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Miss Ranskill Comes Home

by Barbara Euphan Todd
Persephone book no:

45 46 47


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A Well Full of Leaves
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AFTERWORD BY WENDY POLLARD
336pp
ISBN 9781903155363

This 1946 novel, by the author of the Worzel Gummidge books, is about a woman who goes on a cruise and is swept overboard; she lives for three years on a desert island before being rescued by a destroyer in 1943. When she returns to England it seems to her to have gone mad: she cannot buy clothes without 'coupons', her friends are only interested in 'war work', and yet she is considered uncivilised if she walks barefoot or is late for meals. The focus of Barbara Euphan Todd's satire is people behaving heroically and appallingly at one and the same time. Rosamond Lehmann considered Miss Ranskill Comes Home 'a work of great originality, and delightfully readable, a blend of fantasy, satire and romantic comedy... a very entertaining novel and less light than it seems.' This has been an especial Persephone favourite.

Also available as a Persephone eBook.

For more on Miss Ranskill Comes Home, have a look at the Persephone Perspective.

Endpaper

The endpaper is 'Sutherland Rose', a 1946 screen-printed cotton textured fabric designed by Graham Sutherland for Helios.

Picture Caption

WWII poster by Fougasse


Read What Readers Say

Marcella and Her Books

In ‘Miss Ranskill Comes Home’ we meet a woman who fell overboard a cruise ship in 1938 after an unfortunate slip and found herself stranded on a desert island. She only finds her way back to Britain in 1942, a country now in the middle of the Second World War. Let me start by saying this book feels incredibly modern. It was first published in 1946 and would have been a contemporary story at the time. But it could just as well be historical fiction written now. I was expecting a cosy perhaps even whimsical book and I was surprised by how deeply reflective it was, and how it provides a social commentary on Britain at the time. Miss Ranskill had spent many a time fantasising about her return to England, but when finally she does, she finds herself lost in a place where rationing, coupon books, black-outs and drills are now the order of the day. She finds it hard to fit in in a society that is on the one hand suffering terrible losses and destruction and on the other hand uses very rigid rules and is fixated on trivial norms. Having been away, she questions and critiques the new way of living in Britain and thus finds herself misunderstood by her family, feeling a stranger in her own country and even longing to be back on the island, where things were hard, but made sense. She longs to share her grief, and her traumatic experience of being stranded on a desert island, but finds no one quite understands what she has been through. I think everyone who has ever been away from home for an extended period of time will recognise the alienating feeling of returning to a place that should feel familiar and comforting but isn’t.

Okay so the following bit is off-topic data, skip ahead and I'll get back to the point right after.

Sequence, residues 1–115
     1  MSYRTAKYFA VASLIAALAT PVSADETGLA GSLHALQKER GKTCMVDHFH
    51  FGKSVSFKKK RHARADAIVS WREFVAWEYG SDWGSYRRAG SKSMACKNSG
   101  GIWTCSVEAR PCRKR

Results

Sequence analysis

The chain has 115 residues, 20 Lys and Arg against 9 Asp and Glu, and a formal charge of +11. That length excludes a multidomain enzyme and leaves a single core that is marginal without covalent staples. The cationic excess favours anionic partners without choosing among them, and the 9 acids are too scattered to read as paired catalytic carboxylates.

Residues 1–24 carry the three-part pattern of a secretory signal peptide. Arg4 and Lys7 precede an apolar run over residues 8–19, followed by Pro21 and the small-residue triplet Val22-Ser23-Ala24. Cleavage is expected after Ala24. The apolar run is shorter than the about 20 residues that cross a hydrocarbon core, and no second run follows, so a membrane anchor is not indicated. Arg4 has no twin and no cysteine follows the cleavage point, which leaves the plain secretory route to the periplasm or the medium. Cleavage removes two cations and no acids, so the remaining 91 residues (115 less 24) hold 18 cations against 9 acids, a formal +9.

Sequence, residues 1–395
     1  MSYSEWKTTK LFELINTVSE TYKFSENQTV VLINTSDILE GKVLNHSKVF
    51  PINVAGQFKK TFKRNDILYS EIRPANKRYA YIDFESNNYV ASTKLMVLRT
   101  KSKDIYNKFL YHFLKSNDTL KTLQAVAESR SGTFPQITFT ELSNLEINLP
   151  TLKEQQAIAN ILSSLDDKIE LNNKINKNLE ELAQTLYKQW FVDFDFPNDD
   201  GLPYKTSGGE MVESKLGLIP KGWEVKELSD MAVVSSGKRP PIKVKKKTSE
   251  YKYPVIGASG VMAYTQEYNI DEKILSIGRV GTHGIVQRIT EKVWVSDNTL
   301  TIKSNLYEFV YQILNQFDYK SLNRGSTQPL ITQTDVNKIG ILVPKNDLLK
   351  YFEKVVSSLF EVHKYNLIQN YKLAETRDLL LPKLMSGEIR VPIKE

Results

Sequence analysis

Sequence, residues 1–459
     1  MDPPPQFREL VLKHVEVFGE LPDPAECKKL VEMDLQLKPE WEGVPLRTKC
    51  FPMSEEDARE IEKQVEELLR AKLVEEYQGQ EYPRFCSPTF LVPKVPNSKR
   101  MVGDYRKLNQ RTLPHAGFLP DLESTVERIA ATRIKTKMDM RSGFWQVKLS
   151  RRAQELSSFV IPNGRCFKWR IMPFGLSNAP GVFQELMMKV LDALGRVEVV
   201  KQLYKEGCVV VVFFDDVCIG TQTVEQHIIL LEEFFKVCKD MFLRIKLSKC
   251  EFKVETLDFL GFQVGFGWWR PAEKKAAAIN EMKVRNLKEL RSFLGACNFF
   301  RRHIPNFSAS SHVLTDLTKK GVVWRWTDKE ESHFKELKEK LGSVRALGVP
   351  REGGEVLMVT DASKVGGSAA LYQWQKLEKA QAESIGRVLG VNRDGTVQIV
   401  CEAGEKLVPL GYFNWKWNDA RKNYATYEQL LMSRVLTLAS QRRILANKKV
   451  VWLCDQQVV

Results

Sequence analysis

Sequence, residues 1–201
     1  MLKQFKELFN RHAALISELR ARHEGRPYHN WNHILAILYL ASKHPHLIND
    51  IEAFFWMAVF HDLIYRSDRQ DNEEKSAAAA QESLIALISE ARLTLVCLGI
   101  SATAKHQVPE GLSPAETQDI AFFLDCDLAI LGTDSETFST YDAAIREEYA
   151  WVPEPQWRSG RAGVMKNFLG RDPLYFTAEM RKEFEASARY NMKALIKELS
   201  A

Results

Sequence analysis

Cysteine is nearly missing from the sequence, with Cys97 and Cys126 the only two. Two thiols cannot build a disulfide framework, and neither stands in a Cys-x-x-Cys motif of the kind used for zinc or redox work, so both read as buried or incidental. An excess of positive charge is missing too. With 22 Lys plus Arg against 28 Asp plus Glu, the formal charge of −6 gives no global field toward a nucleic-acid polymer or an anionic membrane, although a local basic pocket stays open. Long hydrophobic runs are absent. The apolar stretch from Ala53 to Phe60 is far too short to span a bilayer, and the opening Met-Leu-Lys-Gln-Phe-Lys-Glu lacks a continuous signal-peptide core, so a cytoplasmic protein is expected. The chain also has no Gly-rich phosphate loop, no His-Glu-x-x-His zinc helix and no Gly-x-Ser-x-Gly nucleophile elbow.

Categories: WWII

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